IAVGO Community Legal Clinic

December 03, 2014 06:00 ET

Injured Workers Demanding Better Health Care on International Day for People with Disabilities

Who: Injured and disabled workers

When: International Day for People with Disabilities, December 3, 2014, 11 am

What: Giving out band aids to underscore how the WSIB is not properly funding health care and instead, gives millions of dollars in safety rebates to dangerous companies

Where: Ministry of Labour, 400 University Avenue, Toronto ON

TORONTO, ONTARIO--(Marketwired - Dec. 3, 2014) - This International Day for People with Disabilities, a group of injured workers will be giving out band aids outside the Ministry of Labour to underscore how the Workplace Safety and Insurance Board (WSIB) downplays injuries and ignores the health care needs of people who were injured at work in Ontario. This action follows last week's Ontario Federation of Labour report which exposed how the WSIB is giving millions of dollars in safety rebates to corporations fined under the Occupational Health and Safety Act for killing and seriously injuring workers.

"It's not right that the WSIB is giving millions of dollars to dangerous employers while telling injured workers that they will not pay for their health care treatment," says Indira Rupchand, a member of Injured Workers Action for Justice. "We want actual health care and mental health support for the injuries we get on the job."

The WSIB has shifted the way it funds health care to the over 200,000 people injured at work every year in Ontario. While the WSIB claims to be putting more resources into health care for injured workers, the reality is that spending on actual treatment like physician services, physiotherapy and medication has declined; mental health services are extremely lacking; and the largest investment in health care spending (19.7%) is for programs like Regional Evaluation Centers that predict the date when a worker will recover and allow the WSIB to justify ending claims regardless of what treating physicians say.

As a result of these changes, countless injured workers in Ontario will be celebrating International Day for People with Disabilities by going without proper health care for injuries they had on the job.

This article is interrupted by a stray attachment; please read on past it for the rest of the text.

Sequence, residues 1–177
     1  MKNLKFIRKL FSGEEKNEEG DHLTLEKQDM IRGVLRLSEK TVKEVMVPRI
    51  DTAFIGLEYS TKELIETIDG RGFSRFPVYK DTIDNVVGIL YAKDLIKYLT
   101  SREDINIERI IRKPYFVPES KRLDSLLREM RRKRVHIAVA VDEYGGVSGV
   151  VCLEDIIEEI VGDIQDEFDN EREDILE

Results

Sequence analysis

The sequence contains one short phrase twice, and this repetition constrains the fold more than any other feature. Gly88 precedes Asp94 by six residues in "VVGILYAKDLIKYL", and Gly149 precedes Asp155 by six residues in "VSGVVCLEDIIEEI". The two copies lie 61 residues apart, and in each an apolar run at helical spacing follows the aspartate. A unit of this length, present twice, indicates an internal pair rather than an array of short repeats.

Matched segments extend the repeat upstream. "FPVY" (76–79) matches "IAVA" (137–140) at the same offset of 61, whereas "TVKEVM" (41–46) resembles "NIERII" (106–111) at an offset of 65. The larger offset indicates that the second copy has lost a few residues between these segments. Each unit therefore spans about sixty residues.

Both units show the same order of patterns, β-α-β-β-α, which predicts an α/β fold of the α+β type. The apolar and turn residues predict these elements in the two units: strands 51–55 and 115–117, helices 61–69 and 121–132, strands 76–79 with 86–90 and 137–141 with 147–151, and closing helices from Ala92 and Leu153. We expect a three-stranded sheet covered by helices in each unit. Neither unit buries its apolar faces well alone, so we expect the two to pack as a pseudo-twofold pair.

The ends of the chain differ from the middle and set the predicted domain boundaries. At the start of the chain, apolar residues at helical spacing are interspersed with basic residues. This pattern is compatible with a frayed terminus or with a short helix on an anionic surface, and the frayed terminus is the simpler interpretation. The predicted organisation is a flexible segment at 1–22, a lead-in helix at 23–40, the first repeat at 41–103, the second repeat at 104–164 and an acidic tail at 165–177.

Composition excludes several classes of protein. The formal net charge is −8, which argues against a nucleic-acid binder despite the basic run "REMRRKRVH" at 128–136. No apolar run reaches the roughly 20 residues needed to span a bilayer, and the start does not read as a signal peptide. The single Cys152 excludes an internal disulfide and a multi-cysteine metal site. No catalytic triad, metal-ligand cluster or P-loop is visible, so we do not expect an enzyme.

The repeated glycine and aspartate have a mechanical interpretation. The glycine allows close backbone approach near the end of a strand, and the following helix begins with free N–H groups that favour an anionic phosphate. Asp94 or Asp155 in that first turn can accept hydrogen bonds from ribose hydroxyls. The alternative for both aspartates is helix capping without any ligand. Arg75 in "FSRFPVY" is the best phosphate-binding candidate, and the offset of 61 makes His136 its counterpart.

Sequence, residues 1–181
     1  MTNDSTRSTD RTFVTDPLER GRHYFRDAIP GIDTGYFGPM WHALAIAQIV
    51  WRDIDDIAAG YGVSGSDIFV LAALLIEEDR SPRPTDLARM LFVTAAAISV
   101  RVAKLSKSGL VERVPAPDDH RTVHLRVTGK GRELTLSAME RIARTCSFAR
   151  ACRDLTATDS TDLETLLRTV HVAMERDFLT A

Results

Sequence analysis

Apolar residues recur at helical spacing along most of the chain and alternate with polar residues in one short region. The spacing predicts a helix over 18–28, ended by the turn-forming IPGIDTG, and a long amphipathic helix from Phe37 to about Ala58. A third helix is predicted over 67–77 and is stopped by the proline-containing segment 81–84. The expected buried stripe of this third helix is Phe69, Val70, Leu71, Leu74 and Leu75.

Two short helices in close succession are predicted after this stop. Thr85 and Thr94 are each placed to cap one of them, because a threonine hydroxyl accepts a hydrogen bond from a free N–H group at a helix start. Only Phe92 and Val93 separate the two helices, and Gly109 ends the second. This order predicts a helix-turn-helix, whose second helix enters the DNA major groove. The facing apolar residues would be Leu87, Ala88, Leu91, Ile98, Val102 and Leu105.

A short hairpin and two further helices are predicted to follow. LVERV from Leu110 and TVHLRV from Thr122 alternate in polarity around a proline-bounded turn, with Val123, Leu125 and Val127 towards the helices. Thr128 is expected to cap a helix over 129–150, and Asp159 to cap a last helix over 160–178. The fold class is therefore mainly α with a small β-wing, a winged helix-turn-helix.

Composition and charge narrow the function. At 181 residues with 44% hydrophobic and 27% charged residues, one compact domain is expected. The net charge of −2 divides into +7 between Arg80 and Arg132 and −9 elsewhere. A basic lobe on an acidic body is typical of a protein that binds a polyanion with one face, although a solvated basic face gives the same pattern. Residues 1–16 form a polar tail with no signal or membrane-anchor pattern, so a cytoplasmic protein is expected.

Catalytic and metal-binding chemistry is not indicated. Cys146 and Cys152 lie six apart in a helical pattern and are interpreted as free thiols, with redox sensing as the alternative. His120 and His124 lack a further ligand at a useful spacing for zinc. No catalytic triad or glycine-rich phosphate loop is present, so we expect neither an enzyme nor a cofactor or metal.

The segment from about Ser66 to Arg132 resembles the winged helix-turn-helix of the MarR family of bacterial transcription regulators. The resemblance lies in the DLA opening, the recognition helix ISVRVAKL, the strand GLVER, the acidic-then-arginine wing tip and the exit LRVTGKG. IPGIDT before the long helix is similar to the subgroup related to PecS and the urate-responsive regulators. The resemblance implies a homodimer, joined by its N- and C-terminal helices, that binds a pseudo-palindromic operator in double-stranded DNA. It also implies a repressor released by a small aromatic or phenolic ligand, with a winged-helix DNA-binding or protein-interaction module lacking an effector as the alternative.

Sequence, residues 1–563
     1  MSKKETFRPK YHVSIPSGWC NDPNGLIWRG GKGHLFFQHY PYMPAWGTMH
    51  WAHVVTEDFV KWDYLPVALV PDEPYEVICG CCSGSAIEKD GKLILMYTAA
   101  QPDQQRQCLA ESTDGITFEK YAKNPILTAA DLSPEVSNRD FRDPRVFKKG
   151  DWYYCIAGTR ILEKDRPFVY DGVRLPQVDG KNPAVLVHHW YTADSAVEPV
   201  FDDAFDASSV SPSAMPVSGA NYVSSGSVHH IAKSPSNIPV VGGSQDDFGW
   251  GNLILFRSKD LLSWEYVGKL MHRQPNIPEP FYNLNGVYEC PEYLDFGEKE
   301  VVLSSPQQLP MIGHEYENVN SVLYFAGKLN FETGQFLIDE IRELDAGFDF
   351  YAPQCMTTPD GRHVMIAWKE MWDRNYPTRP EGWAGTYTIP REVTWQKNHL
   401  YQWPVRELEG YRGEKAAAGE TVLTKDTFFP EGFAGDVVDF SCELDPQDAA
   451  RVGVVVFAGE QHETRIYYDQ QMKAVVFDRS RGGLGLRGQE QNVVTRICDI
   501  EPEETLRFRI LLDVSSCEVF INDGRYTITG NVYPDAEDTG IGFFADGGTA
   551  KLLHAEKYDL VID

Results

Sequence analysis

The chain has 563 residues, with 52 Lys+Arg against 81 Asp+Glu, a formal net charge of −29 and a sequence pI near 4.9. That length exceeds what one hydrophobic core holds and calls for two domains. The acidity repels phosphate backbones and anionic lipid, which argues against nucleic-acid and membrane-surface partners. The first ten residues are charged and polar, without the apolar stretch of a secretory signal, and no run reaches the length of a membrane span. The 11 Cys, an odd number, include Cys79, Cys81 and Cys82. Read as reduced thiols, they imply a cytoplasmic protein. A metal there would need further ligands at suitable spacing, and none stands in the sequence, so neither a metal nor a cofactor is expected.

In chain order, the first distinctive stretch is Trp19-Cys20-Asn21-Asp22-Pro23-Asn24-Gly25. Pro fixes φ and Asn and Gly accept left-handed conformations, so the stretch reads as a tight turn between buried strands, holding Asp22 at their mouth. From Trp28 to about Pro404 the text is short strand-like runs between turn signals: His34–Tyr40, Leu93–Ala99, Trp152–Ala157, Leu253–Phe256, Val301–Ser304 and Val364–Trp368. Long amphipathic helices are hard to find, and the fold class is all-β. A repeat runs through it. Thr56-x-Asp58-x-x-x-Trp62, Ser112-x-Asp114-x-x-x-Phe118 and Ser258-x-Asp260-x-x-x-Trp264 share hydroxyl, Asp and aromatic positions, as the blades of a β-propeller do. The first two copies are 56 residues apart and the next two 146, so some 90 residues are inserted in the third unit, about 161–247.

"The WSIB's refusal to properly fund medical treatment is part of an austerity agenda designed to reduce corporations' premiums and offload the cost of workplace injuries onto injured workers, their families and social assistance. It's unfair and injured workers are calling for real change," says Jessica Ponting, Community Legal Worker at IAVGO Community Legal Clinic.

Relevant health care facts:

  • WSIB is steadily decreasing injured workers' health care benefits. Overall, the WSIB has cut $77 million from health care expenses in 2013 compared to 2009 and is spending an average of $134 less per claimant now compared to 2009.

  • Now, 19.7% of all health care spending is for Specialized Clinical Services and Programs, including Regional Evaluation Centres that predict when a worker will recover and allow the WSIB to ignore family doctors and end claims. It is the WSIB's largest and fastest growing health care expense.

  • Referencing their cost, the WSIB has delisted 19 types of medications from their formulary since 2008 and has not made their drug formularies public. Delisted medications include Lyrica, Cymbalta and Cipralex, all of which are covered under Ontario Drug Benefit Formulary and are available to people on the Ontario Disability Support Program (ODSP). As the cost of these prescriptions is quite high, many injured and disabled are incentivized to forego workers' compensation in favour of social assistance so they can get their medication.

  • In 2013, the WSIB only recognized injury-related mental health problems in 1909 claims. This represents less than 1% (0.82) of the 232,249 claims filed in 2013 and 13% of the people whose injuries were accepted to be permanent in 2013. This conflicts with research showing the severe impact of pain, sleep disturbance and long-term disablement on mental health.

Contact Information

  • IAVGO Community Legal Clinic
    Jessica Ponting
    Community Legal Worker
    (647) 401-9611
    j_ponting@lao.on.ca